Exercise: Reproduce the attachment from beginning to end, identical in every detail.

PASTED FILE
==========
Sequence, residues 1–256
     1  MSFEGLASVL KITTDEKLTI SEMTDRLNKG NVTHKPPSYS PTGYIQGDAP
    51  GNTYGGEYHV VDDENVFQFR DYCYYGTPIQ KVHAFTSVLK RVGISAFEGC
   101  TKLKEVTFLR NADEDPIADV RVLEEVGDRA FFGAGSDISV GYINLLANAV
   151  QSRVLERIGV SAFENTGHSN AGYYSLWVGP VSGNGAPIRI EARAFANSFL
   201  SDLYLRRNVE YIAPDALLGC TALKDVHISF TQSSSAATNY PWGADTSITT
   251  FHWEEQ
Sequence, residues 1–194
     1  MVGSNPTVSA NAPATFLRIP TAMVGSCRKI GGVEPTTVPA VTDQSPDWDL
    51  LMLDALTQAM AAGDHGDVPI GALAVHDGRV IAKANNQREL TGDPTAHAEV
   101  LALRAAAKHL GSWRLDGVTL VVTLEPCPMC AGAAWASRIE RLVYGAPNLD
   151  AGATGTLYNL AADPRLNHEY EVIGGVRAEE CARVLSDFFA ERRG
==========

Sequence, residues 1–256
     1  MSFEGLASVL KITTDEKLTI SEMTDRLNKG NVTHKPPSYS PTGYIQGDAP
    51  GNTYGGEYHV VDDENVFQFR DYCYYGTPIQ KVHAFTSVLK RVGISAFEGC
   101  TKLKEVTFLR NADEDPIADV RVLEEVGDRA FFGAGSDISV GYINLLANAV
   151  QSRVLERIGV SAFENTGHSN AGYYSLWVGP VSGNGAPIRI EARAFANSFL
   201  SDLYLRRNVE YIAPDALLGC TALKDVHISF TQSSSAATNY PWGADTSITT
   251  FHWEEQ
Sequence, residues 1–194
     1  MVGSNPTVSA NAPATFLRIP TAMVGSCRKI GGVEPTTVPA VTDQSPDWDL
    51  LMLDALTQAM AAGDHGDVPI GALAVHDGRV IAKANNQREL TGDPTAHAEV
   101  LALRAAAKHL GSWRLDGVTL VVTLEPCPMC AGAAWASRIE RLVYGAPNLD
   151  AGATGTLYNL AADPRLNHEY EVIGGVRAEE CARVLSDFFA ERRG